A romantic relationship doesn’t need to be defined by sex. But let’s acknowledge it can be a critical part of the whole, and that, as a sex worker, there can be heightened pressure to have instantly great sex, to be ‘good’ at it, and to have a lot of it. That pressure can come from us, but it can also come from our lovers.

A few years ago Scarlet Alliance in Australia made a video about dating sex workers (see links below), where someone said “No matter how many times I say yes to an appointment, yes to a client, or yes to certain sex acts with my clients, I still have a right to say no to you”. This has stuck with me, because I’ve seen this play out in so many relationships, both queer and straight.  

While it is true that learning to communicate around sexual desires at work can be hugely beneficial to personal relationships, sex workers don’t owe dates or partners sex, or a particular kind or frequency of sex. Yes, sex work can change personal sex drive, but not in a fixed or universal way. Sometimes it can increase it, other times, someone might not want sexual intimacy at all for a certain amount of time. What matters is how desire is talked about between partners, and if a ‘no’ is respected and met with care, and whether or not whorephobia is used against a person asserting sexual boundaries. 

Sex drives shift in all relationships, that isn’t unique to sex workers. Physical intimacy and sensual touch is also a varied thing. What do you need after work? A massage? A run or a bath? Sex? Food? Some solitude? Limits and wants can be very different at work than at home, and that doesn’t make one kind of sex or physical intimacy better than another. Sex workers are good at approaching sex with curiosity and non-judgement, but it can be hard to include our own desires and drives in that.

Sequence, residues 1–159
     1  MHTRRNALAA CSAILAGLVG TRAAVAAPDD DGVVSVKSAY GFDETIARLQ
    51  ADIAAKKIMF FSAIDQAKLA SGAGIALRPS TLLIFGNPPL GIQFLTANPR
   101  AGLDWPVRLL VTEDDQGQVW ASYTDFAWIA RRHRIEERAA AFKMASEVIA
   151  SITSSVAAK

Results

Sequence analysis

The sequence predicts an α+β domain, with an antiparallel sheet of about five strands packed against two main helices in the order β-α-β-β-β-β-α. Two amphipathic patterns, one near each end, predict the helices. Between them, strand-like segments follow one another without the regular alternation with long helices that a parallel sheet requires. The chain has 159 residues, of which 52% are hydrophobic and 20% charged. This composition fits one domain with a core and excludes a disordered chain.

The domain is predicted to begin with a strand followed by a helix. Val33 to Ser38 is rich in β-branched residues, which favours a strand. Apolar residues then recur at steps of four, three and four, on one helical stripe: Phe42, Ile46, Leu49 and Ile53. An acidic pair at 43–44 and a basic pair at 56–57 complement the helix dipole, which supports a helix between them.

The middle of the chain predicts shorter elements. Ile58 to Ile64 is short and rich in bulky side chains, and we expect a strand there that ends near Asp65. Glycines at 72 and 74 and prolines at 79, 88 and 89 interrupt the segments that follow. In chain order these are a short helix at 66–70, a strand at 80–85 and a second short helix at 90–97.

This self-empathetic curiosity might look like asking yourself if you need different kinds of sex in your personal life to that with clients. This includes needs to do with the physical and psychological spaces surrounding sex. I.e. Some people find different lighting and scents effective in producing a psychological shift, while others don’t need that at all. Conversely, it’s not unusual to have similar sexual likes and dislikes across work and personal sex life, because kissing someone in a casual encounter at work is not the same as kissing a lover, even if both are good. This is probably one of the biggest points that dates or partners might just not get – unless the partner is also a sex worker.